04 February 2011

Jacob (February 5)

39-19-01/62 Victors,Jan. Isaac benissant Jaco...
Isaac blesses Jacob  Victors, Jan

Jacob's Dream. de Ribera, Jusepe
Jacob Fights the Angel Rembrandt

Jacob Blessing His Children. Rembrandt

There is so much to say about Jacob: family drama;  sin and deceit; love, heartbreak, sorrow and betrayal.  But the stories in Genesis are about God forever keeping his promises, even to (frankly) horrible people.  And God keeps his promise to Jacob, to Israel, to his Bride.

I have never really liked Jacob.  David was a sinner, but at least he was manly.  He wasn't a mamma's boy, he waited on God's timing to take his rightful throne, he was loyal and honest (usually).  I believe David when he repents, but I don't trust Jacob when he prays "I am not worthy of the least of all the deeds of steadfast love and all the faithfulness you have shown to your servant..." (Gen 32:10).  I just think, "Yeah, right, you're just scared Esau is going to destroy you. Wimp."

Until I read an article by a Lutheran pastor arguing Esau was not necessarily damned from eternity (an article I'm still trying to track down), and heard Pr. Nathan Dudley on Issues, Etc., I always had a Reformed understanding of the story of Jacob and Esau (without knowing it).  "Esau I hated" just because he was predestined not to receive the inheritance, was elected to damnation, and "Jacob I loved" just because he was elected to salvation.  I have never held Reformed views on election, but I accepted that interpretation without thinking too much about it, and its full implications.  It was a "hard passage" that seemed to support Reformed theology.

So back to David vs. Jacob.  Remember when Nathan says to David "You are the man!" (You can read the whole story here)?  Well, God, through his Word in Genesis, is pointing to Jacob and saying to me "You are that man!"  After I just wrinkled my nose and expressed my disgust at Jacob's sliminess.   The Lutheran interpretation of Jacob and Esau as types of the Church and Christ is brilliant (and so obvious once pointed out).  Of course, for all of Jacob's grossness, God still chooses to bless the world through him.

It helps me to frame the saint or OT character of the day in Christ and his work before I begin our "Saint Time" with the little ones.  "In the Home" includes mom and dad meditating on the commemoration or feast, too, before talking to the little ones (or bigger ones) about who we are celebrating and why.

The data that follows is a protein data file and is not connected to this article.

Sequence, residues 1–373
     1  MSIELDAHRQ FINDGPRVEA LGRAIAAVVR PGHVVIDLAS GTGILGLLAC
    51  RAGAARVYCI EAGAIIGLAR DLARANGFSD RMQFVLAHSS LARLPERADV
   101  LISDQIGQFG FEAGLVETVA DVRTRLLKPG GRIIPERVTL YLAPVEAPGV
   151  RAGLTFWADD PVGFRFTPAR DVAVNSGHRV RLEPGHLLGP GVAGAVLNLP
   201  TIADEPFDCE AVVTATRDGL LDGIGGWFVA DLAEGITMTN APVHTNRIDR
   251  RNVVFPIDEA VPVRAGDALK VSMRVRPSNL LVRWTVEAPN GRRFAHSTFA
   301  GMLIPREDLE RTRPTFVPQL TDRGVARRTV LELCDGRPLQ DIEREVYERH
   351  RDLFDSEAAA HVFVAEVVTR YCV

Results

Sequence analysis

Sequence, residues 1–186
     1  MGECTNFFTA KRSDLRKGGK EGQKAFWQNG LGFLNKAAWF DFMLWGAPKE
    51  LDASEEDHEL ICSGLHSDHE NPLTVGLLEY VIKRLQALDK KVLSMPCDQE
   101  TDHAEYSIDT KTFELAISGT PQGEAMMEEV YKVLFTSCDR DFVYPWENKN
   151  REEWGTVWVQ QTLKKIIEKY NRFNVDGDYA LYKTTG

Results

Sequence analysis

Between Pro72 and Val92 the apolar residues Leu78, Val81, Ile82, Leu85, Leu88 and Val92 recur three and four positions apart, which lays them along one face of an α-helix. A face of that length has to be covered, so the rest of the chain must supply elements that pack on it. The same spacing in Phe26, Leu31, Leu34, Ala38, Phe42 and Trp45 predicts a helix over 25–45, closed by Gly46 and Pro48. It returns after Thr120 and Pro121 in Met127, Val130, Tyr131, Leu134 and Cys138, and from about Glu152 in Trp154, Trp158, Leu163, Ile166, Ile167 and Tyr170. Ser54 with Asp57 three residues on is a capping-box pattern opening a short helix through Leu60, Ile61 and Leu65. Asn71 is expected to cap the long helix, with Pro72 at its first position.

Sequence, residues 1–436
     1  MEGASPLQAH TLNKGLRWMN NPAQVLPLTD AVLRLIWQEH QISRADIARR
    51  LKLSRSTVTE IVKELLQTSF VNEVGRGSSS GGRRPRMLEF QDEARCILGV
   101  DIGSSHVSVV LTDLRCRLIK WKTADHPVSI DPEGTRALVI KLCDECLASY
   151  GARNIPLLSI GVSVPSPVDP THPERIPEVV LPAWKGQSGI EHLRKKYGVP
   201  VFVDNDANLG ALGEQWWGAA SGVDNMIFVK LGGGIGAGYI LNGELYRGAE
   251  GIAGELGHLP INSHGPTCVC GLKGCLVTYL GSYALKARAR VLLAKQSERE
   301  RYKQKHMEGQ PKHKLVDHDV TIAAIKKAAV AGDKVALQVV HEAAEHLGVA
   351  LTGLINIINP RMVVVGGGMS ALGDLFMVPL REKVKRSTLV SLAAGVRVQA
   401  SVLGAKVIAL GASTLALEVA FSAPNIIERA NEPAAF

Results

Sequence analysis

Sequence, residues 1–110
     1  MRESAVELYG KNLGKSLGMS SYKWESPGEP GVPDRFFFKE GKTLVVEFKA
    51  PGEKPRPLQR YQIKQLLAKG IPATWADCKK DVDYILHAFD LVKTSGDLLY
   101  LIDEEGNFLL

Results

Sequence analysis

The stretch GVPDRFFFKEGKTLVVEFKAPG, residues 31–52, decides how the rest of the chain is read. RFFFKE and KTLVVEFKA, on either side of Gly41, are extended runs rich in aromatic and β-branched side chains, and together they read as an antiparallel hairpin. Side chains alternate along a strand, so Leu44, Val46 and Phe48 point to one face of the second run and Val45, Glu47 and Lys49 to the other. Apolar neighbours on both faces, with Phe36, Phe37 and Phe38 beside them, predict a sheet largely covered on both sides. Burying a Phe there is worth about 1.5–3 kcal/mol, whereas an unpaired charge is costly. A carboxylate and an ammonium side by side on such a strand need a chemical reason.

We will focus on the story of Jacob and Esau and God giving the birthright to Jacob, in spite of Jacob's sin.  We will make lentil soup, color a coloring page, and make some play-doh soup bowls or popsicle stick ladders.

I found Olney Hymns: In Three Parts by Newton and Cowper, which includes hymns inspired by Genesis passages.  We're not going to try to sing any of these, but here are a few lovely lines:

"Lo! He saw a ladder rear'd
Reaching to the heavenly throne,
At the top the Lord appear'd,
Spake and claim'd him for his own"

(As Jacob demands a blessing from the Lord....)
"No--I must maintain my hold,
'Tis thy goodness makes me bold;
I can no denial take,
When I plead for Jesus' sake."

The bits on Jacob are found on page 29.


  1. Our pastor has often commented how comforting it is (to us conniving sinners) that God is known as the "God of Abraham, Isaac, and Jacob" (not even "Abraham, Isaac, and Israel"). Jacob, whose name actually means "supplanter or "sneak" was chosen, despite his sneakiness and conniving life. God chooses very unsavory people at times!

    I always think it's interesting (and even more scandalous than Jacob perhaps!) that Jesus came through the line of Judah, and his son Pharez by his daughter-in-law Tamar! (and then Ruth 4:12!) God sure has an interesting sense of humor.

  2. Okay, this is hilarious - when I went to post that last comment the "word verification" letters I had to type in were: C-R-I-N-G-E. (Did it read my comment first ? ;)

  3. I too am comforted that our Lord remained faithful to all the liars, sneaks, scaredy cats, prostitutes, traitors and murderers in our history. The "heroes of the faith" I grew up calling them in the Baptist church. The only real Hero is Christ and for that I am so thankful!

    "In the Home" includes mom and dad meditating on the commemoration or feast, too, before talking to the little ones (or bigger ones) about who we are celebrating and why." So important! Thanks Katy!

  4. Thanks for all your insights, links, and information! Your blog came along at a perfect time for our family -- and thank you for being Lutheran!

  5. Leah -- I know, why are those verification words always so weirdly relevant (or hilarious)? And I learned recently that Jezebel was in Jesus' line.

    Aubri and Emommy -- I'm glad your families have benefited from the blog. Please keep contributing your own insights! While reading back over some posts the other day, I was a little embarrassed at how much space I spend on my personal thoughts. (I didn't intend this to be THAT kind of blog!)

  6. >> "(I didn't intend this to be THAT kind of blog!)"

    Katy, apparently we're OK with it :P I truly enjoy the insights and direct explanations.

    Thank you.

  7. I was interested in where you found that Jezebel was in Jesus' line?

  8. I heard it on Issues a while ago...I think it might be indirectly (and speculation). I'll try to find the episode and send it to you.

  9. Here is where I first heard the connection (http://issuesetc.org/podcast/599101410H2S2.mp3

    Ahaziah's mother was Athaliah, Jezebel's daughter. (Her grandson was Joash)

  10. Thank you Katy, for taking the time to look that up. I'll have a listen when I get a chance.

    Reading through that portion of 2 Kings, from chapter 8 to 12 or so, you have to really pay close attention to who is whose son by whom or you just get majorly confused about how the genealogies go(at least I do)!